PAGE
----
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"We learned very little": Miriam Gross, aged 11, at Dartington Hall 

Dartington Hall school was one of a handful of experimental, co-educational schools founded before the Second World War. It was situated in Devon, in the beautiful thousand-acre estate which had been bought in 1925 by a philanthropic couple-a Yorkshireman and an American heiress. One of their objectives was to build a school in which children would be free from the restrictions and constraints of the educational system which prevailed at the time.

Betrand Russell, Aldous Huxley, Sean O'Casey, G.E. Moore, among well-known "free thinkers", sent their children there; Freud's grandchildren, Lucian and Clement, were pupils.

The school's "progressive" ideals were inspired by the American philosopher John Dewey, and involved a wholly unorthodox approach to how children should learn and how teachers should teach. Education, according to this view, was not about one person who knows more than another passing on that knowledge; rather, it was about encouraging children to discover things for themselves. They should be allowed to follow their own interests in their own way and at their own pace; expecting pupils to memorise facts or learn anything by rote was regarded as oppressive.

During the eight years I spent at Dartington these ideas were still regarded by most people as, at best, absurdly utopian or, at worst, hopelessly cranky; later, in the Sixties, many of them were adopted, with disastrous results, in state schools throughout England.

I was sent there in 1948, when I was ten, not because my parents were "progressive" but because most other boarding schools at the time didn't accept pupils who couldn't speak English. Until that time I had lived in Jerusalem, speaking German to my family and Hebrew at school. Naturally, I had a hard time at first, particularly as my parents were living abroad; but perhaps not as hard as it would have been at a conventional boarding school.

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Ayesha
March 12th, 2013
11:03 AM
Thanks for a very interesting article. I wonder if you went to this school at the same time as the children's novelist Eva Ibbotson? She attended this school and later fictionalised it in her brilliant book 'The Dragonfly Pool' and also 'A Song For Summer'. I highly suggest former pupils of this school read these two books, as I would love to know how accurate they are. Please do let me know! My email address is maybleandzengi@hotmail.co.uk. Again these books really are an interesting read and may even bring back a few pleasant memories. They are set in the time of WWII. thank you once more!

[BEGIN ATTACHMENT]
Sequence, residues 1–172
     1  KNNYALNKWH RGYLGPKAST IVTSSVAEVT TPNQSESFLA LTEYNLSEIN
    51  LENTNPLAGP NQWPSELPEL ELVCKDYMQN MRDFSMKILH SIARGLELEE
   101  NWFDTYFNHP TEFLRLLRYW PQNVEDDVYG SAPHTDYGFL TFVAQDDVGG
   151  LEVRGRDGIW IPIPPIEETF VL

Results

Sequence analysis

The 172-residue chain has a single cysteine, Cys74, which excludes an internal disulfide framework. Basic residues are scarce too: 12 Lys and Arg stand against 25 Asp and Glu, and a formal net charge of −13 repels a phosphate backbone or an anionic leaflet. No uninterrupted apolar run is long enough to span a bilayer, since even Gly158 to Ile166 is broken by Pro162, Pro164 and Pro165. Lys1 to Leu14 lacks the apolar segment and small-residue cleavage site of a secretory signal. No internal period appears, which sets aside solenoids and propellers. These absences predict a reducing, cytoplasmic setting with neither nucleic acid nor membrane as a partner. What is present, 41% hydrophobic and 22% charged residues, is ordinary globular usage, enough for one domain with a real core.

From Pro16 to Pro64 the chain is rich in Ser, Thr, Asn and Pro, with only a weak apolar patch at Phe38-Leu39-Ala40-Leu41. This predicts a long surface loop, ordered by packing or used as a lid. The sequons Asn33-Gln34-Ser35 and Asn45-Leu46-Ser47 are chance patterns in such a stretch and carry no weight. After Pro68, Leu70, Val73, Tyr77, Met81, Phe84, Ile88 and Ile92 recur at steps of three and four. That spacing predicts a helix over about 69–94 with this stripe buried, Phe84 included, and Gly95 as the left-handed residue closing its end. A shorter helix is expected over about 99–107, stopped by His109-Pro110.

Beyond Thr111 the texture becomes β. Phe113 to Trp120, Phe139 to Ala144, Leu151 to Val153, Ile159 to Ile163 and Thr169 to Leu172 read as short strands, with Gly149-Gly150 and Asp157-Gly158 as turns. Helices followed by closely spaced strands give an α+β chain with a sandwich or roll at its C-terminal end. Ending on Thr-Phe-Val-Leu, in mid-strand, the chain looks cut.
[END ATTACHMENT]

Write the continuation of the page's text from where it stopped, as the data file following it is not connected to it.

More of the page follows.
Tracy
September 16th, 2011
5:09 PM
I found Miriam's article fascinating but I think one of the areas that she only touched on was a key element in the success of Dartington.The fact that there was virtually no bullying and students were taught mutual respect and tolerance. These were life -long lessons that have served me well. I attended Dartington from 1961 until 1969. And for me it was a lifesaver. I came from a very turbulent family background and the love and care I received from the teachers and staff at Dartington, I feel prevented me from having serious problems later in life. Yes, maybe there was not enough academic rigor, although I, and most of my friends did attend university. And yes, maybe too much time was spent socializing and obsessing about boys. But one thing that all that contact with the opposite sex, from an early age, gave me was that I left Dartington feeling I was equal or better than any male. A lesson that has been most helpful in both my private and work life. Also the fact that the art room was open 24 hours a day gave me access areas of creativity that I would never have experienced at any other school.

Tom Merrington
June 18th, 2011
3:06 PM